Saturday, August 15, 2020

The Brexit referendum, pros and cons

by Francesco Salustri

On 23 June 2016 the UK citizens are called to vote for the EU membership referendum. The consequences of the Brexit, that is the withdrawal of the UK from the EU, are hugely discussed especially from a political perspective, but little is known about its effects as a whole. Vote Leave– the campaign supporting the Brexit– argues that the EU undermines the Parliamentary sovereignty, and that being independent would make the UK able to control migration and to conduct trade negotiations without the unnecessary EU burocracy. On the other hand, the campaign Britain Stronger in Europe argues that the loss in terms of Parliamentary sovereignty and the EU inefficiency is largely compensated by the benefits of being a member of the EU, in terms of regional benefits, intra-EU trade benefits and common security policies.

To analyse the effect of Brexit on the UK, we cannot ignore that leaving or staying the EU have different impact in different sectors, such as energy, transportation, healthcare, financial service, migration, and security – and what could be positive for some sectors might be the opposite to others. From an broad economic perspective, the OECD states clearly in its latest Policy Paper that a UK exit would negatively affect the UK economy reducing the UK GDP by 3% in the next few years, and by 5% in the next decade [3]. Similar results were also discussed in the UK Treasury analysis, finding negative impact on GDP in all possible future scenarios [4].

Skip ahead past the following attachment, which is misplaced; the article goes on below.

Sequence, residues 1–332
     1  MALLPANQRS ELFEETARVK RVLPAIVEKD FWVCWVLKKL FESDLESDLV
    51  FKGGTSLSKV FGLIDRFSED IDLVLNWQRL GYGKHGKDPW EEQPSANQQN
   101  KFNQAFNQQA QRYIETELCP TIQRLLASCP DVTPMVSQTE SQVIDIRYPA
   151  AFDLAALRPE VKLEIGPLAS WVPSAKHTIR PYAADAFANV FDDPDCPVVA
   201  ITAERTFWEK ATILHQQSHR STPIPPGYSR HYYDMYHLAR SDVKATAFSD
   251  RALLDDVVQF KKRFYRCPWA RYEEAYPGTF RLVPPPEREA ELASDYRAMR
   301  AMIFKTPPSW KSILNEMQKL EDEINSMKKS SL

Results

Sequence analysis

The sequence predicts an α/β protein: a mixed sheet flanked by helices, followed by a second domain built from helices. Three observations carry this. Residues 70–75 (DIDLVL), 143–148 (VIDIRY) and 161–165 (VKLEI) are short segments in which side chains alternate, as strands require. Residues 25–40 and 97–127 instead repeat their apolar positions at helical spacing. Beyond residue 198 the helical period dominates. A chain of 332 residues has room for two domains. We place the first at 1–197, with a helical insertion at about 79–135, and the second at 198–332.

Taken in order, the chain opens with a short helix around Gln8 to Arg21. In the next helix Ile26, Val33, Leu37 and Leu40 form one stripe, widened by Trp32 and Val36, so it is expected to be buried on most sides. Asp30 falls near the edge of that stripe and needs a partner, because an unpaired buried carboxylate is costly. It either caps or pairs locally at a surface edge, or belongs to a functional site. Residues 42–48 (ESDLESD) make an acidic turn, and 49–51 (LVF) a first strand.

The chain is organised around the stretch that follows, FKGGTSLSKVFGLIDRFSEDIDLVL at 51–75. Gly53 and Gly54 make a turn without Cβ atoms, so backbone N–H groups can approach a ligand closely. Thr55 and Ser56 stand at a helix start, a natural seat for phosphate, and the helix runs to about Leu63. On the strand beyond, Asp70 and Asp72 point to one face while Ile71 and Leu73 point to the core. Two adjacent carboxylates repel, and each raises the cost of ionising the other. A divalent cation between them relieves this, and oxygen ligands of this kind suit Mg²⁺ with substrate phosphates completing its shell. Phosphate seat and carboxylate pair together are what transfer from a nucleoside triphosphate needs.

Concerning Politics, Brexit would make Parliamentary UK sovereign and allows it to address immigration and trade policies independently. Without discussing whether this would increase the respective policies’ efficiency, it is a fact that Brexit would negatively affect the devolved nations and this can threat the unity of the UK. Leaving the EU two years after the Scottish referendum would create a push toward a new federal UK, which has not (yet) established but largely debated during the Scottish independence referendum. In addiction, devolved nations such as Scotland, Wales and Northern Ireland have different reasons to vote for stay as their respective governments have already expressed. In particular, Wales and Northern Ireland are net recipients from the EU Budget, and therefore leaving the EU would exclude them from the regional EU benefits [2]. Also, the opportunity to set a precedent, therefore encouraging other EU members to (potentially) leave the EU, cannot be ignored by the EU itself.

While at the beginning of the 2015 the polls in support for Brexit were poor, more recently the Brexit option is not so unlikely to win, and this rise is mainly due to the EU’s migration crisis. However, the UK economy is largely based on EU and non-EU migrants and the cost of reducing migrants will be charged to UK taxpayers. In addition, the recent immigration crisis, which involves mainly refugees, has roots going behind the intra-EU problems.

Brexit or not, the EU cannot ignore that the UK is asking for new challenges. Sovereignty, immigration and security are often myths rather than real issues (cfr. [1] and [4]);on the other hand, the EU is urgently called to deal with a more efficient fiscal system together with inclusive migration policies. Addressing these two issues is the first way to let the UK remain in the EU.


[1]       Dabrowski, M. (2016)

[2]       Douglas-Scott, S. (2015),

[3]       Kierzenkowski, R., N. Pain, E. Rusticelli and S. Zwart(2016), “The Economic Consequences of Brexit: A Taxing Decision”, OECD Economic Policy Papers, No. 16, OECD Publishing, Paris.

[4]       Sapir, A. and Wolff, G.B. (2016),


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